Indian cinema has to go beyond Bollywood: VasuJun 11, 2006 Chitra Prakash
Chennai, June 11 (IANS) P. Vasu, whose Tamil hit "Chandramukhi" will open the International Indian Film Academy (IIFA) festival in Dubai on June 14, feels the southern film industry has "much to offer" to Indian cinema.
"Anyone espousing the cause of Indian cinema will have to go beyond Bollywood," says the director of the film, which stars Tamil superstar Rajnikanth.
"Chennai is the birthplace of south Indian cinema," Vasu told IANS in a chat. And he promises that after the IIFA screening of "Chandramukhi", south Indian films "will be in great demand and very popular".
Excerpts from the interview:
Why don't actors from the south make it big in Bollywood? They also don't get many national awards.
It is not that they do not make it 'big'. When the industry in Bollywood grew, the language it adopted was Hindi, keeping in mind only the northern Indian audience.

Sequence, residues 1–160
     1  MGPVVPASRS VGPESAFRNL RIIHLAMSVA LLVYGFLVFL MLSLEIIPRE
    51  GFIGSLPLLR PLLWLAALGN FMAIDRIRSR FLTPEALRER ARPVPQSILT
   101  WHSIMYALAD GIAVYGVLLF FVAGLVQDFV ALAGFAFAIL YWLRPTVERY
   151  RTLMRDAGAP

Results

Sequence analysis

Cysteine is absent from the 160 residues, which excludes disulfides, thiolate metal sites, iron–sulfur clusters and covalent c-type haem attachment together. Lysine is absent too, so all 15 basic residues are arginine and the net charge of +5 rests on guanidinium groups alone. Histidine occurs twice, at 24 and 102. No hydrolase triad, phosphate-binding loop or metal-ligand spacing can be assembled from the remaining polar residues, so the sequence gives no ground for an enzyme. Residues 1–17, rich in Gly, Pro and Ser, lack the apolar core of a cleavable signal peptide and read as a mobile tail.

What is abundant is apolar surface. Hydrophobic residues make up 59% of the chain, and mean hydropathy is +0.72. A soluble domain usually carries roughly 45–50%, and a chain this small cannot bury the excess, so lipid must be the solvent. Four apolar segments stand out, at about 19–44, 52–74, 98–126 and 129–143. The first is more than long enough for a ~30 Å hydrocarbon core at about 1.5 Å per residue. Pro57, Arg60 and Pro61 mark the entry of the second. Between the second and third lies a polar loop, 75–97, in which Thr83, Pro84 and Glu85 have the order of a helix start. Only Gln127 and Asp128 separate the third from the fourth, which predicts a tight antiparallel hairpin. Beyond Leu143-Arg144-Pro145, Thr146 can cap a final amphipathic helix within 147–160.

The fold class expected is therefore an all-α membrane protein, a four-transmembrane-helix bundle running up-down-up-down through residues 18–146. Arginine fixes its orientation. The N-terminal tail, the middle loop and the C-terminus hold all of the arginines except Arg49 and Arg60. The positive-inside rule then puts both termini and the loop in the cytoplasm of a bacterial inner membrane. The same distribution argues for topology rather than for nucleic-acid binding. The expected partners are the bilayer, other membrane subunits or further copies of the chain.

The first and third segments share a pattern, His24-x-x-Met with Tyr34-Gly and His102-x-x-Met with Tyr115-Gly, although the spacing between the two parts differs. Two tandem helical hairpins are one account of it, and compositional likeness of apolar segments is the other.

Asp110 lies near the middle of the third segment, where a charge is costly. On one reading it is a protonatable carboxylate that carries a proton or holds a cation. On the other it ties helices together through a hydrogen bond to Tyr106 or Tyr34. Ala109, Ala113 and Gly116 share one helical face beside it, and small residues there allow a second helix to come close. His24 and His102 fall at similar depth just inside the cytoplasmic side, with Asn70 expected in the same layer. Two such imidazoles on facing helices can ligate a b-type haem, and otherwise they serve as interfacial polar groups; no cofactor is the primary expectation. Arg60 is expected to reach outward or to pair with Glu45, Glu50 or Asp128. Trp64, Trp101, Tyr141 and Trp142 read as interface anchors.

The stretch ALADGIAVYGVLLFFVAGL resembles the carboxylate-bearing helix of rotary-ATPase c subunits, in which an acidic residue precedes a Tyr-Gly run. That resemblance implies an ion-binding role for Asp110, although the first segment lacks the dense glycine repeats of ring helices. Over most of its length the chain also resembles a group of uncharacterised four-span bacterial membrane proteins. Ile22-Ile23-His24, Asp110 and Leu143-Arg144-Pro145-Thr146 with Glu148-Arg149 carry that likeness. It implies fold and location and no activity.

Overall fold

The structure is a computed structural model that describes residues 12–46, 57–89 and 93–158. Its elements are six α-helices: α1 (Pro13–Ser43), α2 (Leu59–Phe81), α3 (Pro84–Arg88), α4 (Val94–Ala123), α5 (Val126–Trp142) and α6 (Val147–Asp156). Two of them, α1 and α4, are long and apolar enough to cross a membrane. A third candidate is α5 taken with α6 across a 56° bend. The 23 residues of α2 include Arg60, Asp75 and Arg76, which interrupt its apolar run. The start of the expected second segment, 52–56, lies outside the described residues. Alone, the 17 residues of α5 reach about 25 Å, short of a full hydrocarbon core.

Yet, a Hindi film like "Sholay" saw great success in the south too. Stars like Padmini, Vyjayanthimala and Sri Devi became Bollywood's own. In a reverse tide, in the 1980s and 90s, actors like Khushboo, Simran and Jyothika all came from the north and have made it big in southern cinema.
Anyone espousing the cause of Indian cinema will have to go beyond Bollywood, take up new ideas, thoughts and popularise films from south India in the north. Every technician, every director and producer in the north must know and get acquainted with the technical skills the southern industry has to offer and the great actors that the southern industry has.
As for the national awards, it is just the choice of 10 men. It does not mean the entries that did not win were not chosen for the awards, or the films that did not compete were not as good as those that won. Some of the biggest names like Amitabh Bachchan and Sivaji Ganesan never got national awards.
For making a mark before a world audience, Bollywood is going bilingual and 'crossover' films are gaining popularity. Kollywood (the Kodambakkam-based industry) has not ventured into bilingual films yet.
Someone surely has to try and very soon. Southern films especially have to enter international competitions, which we want to do.
What does an event like IIFA festival mean for the southern industry?
It is like a gathering of the alumni at the alma mater. We will all be there, Mammootty, Mohanlal, Madhavan and Vikram. After this first event, I can assure IIFA that films from south India will be in great demand and very popular.
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